TEL AVIV – Secretary of State Mike Pompeo and Attorney General Jeff Sessions have been urged by two U.S. lawmakers to shutter the Washington D.C. bureau of the Palestine Liberation Organization, which endorses “flagrant violations” of U.S. law such as payments to terrorists.
In a letter, Sen. Ted Cruz (R-TX) and Rep. Ileana Ros-Lehtinen (R-FL) wrote that “the PLO office in the United States has existed and exists today in violation of U.S. law” and cited the Anti-Terrorism Act of 1987 as justification for closing the Palestinian embassy.
“Thirty years ago, Congress found, as part of the Anti-Terrorism Act of 1987 … that the PLO and its affiliates were terrorist organizations threatening the United States,” Cruz and Ros-Lehtinen wrote. “Congress therefore prohibited the PLO, among other things, from establishing or maintaining an office anywhere in the United States.”
They continued, “Decades of PLO actions have confirmed the wisdom of that conclusion. Congress has sought an explanation from the Administration as to the legal basis for permitting the PLO to maintain its office in the United States despite a clear statutory command to the contrary.”
In May 2017, Cruz and Ros-Lehtinen introduced the PLO Accountability Act in both the Senate and House, and claimed that the PLO had failed to adhere to its commitment of forging a peace process, and instead was continuing with its “pay-for”slay” scheme paying salaries to convicted terrorists and their families.
The U.S., the two members of Congress said at the time, “must send a strong message that there will be consequences for these actions by, among other things, closing down the PLO office in Washington, DC, and utilizing the range of tools available under current U.S. law.”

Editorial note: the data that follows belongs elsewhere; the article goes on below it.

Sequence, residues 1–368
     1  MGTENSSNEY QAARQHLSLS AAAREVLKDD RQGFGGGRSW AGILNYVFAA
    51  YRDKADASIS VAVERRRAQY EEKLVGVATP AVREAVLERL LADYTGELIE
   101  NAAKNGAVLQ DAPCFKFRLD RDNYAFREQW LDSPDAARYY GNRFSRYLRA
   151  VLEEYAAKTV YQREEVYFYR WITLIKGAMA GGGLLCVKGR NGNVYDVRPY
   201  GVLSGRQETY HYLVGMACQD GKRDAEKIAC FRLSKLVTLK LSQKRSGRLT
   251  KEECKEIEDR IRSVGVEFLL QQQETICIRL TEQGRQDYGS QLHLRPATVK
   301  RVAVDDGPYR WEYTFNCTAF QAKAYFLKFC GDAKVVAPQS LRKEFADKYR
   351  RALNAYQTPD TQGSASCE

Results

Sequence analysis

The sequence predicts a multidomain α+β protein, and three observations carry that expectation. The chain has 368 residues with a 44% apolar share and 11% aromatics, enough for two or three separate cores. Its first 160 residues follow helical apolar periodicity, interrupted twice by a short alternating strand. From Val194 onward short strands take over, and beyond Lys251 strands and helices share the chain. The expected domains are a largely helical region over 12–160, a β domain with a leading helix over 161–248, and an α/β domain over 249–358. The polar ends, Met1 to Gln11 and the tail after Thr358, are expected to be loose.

In their letter on Thursday, the two requested “all Department of State and Department of Justice memoranda, white papers, and other policy documents relevant or relating to this issue, dating back to January 20, 2017.”
The two had also demanded the Washington mission be closed office in a December 2015 letter to then-secretary of state John Kerry. According to a U.S. law passed in December 2015, closing down the offices was to be a penalty if the PA pursued the prosecution of Israelis at the Hague-based International Criminal Court.
Last month, the PA did just that when it asked the ICC to investigate alleged Israeli crimes following the recent Hamas-planned violent riots along the Gaza border.
In November 2017, the U.S. government was charged with renegading on an earlier decision to close the PLO office when then-secretary of state Rex Tillerson refused to certify the 2015 Congressional mandate. The measure allows President Donald Trump 90 days to decide whether the Palestinians are engaging in “direct and meaningful negotiations with Israel” and if not he could close down the mission. The 90 days have long since passed but a State Department spokesperson explained that the U.S. had instead “advised the PLO Office to limit its activities to those related to achieving a lasting, comprehensive peace between the Israelis and Palestinians.”